Of course, they spend years teaching this in entrepreneurship and business management courses in top colleges across the US and abroad. It’s not something that is easy to understand and do overnight. If you’ve tracked your numbers in the past, the planning part gets a lot easier though. A single article nor blog post cannot fully explain what there is to know about managerial accounting and finance in small business. Reading numbers is an art of sorts. Taking the time to plan is a discipline. A discipline you should practice over and over an over again. Soon you too will understand how to manipulate and tweak the numbers, tighten the budgets, expand the sales, and read the numbers.
So what about tools to help you plan? Successware has an excellent tool built in that helps you create budgets and sales predictions for your business. Many programs like Quickbooks have the same tools built in. You can even punch your numbers into Quickbooks once you have them figured out and compare your current information (tracking) with the numbers you predicted (planning). The only problem is that they do not include a way to figure out your personal salary budget, nor are they all-comprehensive in doing every step listed above. They include a few of the steps, but not everything. Don’t get me wrong, you do not need a tool. Pencil and paper work great, as does doing it in excel.
In 2006 we created our own excel spreadsheet (Profit Center Financial Planner) to aid other studios through the process and make things easier. It’s included with the Profit Center DVDs. These DVDs cover Tracking, Planning, and Pricing in much further detail and also go over many other business basics. The Profit Center Financial Planner covered almost all the steps listed above. After four years of refinement and teaching what in a few days will be 20 Photo Business Boot Camps, we’ve developed version 2.0: the Number Cruncher.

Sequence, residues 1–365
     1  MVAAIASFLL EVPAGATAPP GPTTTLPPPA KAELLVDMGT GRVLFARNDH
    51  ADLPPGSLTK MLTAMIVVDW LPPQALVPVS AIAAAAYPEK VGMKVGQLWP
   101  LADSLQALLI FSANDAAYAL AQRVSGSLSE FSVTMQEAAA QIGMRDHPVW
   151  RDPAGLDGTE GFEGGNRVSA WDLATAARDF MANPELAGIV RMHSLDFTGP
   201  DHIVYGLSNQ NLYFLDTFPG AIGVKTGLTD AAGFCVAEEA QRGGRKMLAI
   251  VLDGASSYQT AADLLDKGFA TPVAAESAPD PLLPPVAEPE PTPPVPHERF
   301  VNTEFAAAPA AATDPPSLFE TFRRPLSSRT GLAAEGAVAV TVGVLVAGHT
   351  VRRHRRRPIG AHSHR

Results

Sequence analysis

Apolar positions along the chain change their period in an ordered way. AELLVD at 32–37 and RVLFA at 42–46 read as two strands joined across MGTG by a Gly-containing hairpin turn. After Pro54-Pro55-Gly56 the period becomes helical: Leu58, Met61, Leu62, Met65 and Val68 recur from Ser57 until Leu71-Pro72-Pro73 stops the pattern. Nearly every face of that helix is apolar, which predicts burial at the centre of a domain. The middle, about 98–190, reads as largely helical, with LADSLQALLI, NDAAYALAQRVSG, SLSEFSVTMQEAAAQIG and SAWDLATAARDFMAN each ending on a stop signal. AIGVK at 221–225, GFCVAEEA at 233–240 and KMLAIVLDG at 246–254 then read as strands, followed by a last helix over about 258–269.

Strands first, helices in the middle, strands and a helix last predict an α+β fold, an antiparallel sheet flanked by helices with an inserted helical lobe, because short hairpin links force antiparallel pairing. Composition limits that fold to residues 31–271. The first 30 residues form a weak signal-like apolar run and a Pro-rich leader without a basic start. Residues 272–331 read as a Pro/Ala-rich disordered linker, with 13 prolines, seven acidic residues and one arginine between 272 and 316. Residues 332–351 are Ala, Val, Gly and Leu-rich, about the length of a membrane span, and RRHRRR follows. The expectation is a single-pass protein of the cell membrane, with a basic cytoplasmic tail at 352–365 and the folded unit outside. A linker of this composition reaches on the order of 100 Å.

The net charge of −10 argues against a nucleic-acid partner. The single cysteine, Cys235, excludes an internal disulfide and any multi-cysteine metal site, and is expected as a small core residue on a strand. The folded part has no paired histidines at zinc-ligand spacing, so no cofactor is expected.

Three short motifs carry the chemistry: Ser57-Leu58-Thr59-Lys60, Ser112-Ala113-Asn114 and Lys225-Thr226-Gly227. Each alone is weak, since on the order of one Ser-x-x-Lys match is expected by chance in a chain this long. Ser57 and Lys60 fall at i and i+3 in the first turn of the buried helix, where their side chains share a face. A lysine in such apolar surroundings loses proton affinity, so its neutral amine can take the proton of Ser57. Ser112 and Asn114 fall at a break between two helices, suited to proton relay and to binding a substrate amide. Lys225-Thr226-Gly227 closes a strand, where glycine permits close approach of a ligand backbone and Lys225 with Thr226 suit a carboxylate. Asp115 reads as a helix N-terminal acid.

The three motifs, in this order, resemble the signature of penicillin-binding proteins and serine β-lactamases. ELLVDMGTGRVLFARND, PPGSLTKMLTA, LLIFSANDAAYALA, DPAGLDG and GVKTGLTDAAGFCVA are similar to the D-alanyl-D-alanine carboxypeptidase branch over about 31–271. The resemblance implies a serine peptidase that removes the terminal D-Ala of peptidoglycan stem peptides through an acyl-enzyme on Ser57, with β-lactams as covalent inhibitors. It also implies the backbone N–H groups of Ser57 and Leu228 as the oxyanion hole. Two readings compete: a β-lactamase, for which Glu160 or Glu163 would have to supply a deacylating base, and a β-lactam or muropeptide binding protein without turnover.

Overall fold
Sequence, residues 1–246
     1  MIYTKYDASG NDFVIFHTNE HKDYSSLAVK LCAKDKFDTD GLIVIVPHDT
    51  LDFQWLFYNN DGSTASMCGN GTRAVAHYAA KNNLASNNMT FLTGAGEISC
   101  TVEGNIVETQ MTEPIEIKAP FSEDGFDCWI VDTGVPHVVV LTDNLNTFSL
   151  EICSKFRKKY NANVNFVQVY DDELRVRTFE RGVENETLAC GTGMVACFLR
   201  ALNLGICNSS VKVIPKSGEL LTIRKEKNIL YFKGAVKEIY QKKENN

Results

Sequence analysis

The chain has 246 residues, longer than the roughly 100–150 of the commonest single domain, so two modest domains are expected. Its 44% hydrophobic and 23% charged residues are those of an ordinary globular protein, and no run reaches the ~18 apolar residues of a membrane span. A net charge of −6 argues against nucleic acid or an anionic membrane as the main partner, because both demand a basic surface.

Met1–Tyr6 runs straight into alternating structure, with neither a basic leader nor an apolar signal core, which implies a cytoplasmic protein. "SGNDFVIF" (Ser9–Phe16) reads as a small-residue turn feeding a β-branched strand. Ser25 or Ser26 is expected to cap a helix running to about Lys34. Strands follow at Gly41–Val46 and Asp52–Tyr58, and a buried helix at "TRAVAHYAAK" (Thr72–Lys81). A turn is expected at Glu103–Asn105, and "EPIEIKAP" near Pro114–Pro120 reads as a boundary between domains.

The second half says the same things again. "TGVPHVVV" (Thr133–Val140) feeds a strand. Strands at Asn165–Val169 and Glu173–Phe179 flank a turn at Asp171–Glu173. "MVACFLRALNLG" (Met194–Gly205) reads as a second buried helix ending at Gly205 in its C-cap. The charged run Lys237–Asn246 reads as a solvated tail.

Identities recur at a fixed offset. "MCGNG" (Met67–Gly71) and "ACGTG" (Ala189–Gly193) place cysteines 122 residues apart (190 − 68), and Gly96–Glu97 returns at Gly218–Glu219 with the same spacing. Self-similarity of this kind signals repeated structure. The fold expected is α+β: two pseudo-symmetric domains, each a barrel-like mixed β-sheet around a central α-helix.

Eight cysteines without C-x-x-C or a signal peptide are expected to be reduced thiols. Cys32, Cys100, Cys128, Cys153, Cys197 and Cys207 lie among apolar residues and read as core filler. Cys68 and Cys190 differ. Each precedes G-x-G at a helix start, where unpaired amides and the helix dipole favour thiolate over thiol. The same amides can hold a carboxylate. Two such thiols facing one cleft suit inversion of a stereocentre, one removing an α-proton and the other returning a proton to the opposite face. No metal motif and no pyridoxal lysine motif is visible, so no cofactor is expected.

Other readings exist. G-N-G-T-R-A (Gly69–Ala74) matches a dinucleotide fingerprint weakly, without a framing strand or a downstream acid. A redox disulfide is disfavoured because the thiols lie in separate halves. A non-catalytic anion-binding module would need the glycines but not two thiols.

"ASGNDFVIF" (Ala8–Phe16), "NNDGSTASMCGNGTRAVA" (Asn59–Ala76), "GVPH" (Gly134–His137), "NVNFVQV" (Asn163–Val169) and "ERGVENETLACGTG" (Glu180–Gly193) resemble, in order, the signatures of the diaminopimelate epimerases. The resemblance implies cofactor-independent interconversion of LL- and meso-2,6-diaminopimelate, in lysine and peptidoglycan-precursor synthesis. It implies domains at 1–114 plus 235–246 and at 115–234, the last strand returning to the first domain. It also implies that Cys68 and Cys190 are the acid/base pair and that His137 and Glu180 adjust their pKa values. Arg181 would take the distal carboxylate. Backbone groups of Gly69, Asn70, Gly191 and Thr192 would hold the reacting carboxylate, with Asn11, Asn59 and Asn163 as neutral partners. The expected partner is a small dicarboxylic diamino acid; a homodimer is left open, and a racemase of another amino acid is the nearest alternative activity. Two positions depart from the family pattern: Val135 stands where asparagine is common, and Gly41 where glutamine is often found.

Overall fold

The Number Cruncher is a geeky Excel worksheet that will help you do all of the steps listed above. You watch me go through my OWN numbers with this tool, and you can punch in your own numbers along the way. What you get is a very clear picture of your finances and you can start making wise choices based on cold hard fact, not just a hunch you have. You can see if things are going to be profitable before you release your new pricing. You make sure to lower expenses if they are too high, or get that marketing campaign into effect this year if you need to up your sales. It’s knowing whether you can afford a studio space, or if it’s okay for you to quit your day job. That’s what planning does for you. And if you’re lucky enough to have potential investors, these are the documents they will want to see.
The planning process can be tons of FUN when you get the hang of it. At a seminar we taught in Cabo in 2007 one photographer came with her husband, who wanted to learn the planning part. She didn’t want anything to do with it. The day after the planning lesson, she returned to class and her husband proclaimed “I don’t even recognize this woman – she’s been up all night crunching numbers and giddy over this stuff!” She’s just one example of hundreds who felt this change of heart over practicing the number-crunching.
It really is life-and-business changing when you learn to manage you personal and business finances the right way and have a plan of attack. Don’t take my word for it though, as the hundreds of studio owners who have been through the process!
Since now is the PERFECT time to do your 2010 planning, we are debuting the Number Cruncher digital download – available for the first time a la carte (without the Profit Center DVD)!
For all of my Profit Center DVD owners, simply log into the Photo Biz Boot Camp Forum and you can access the Number Cruncher and Demo video links there. Same goes for Boot Camp folks!
If you’d like to get the Number Cruncher a la carte, CLICK HERE FOR MORE INFO.
That wraps up part II of Tracking, Planning, and Pricing. Tomorrow we touch on the complexity of pricing. If you have any questions or ideas please comment below and we can continue this conversation.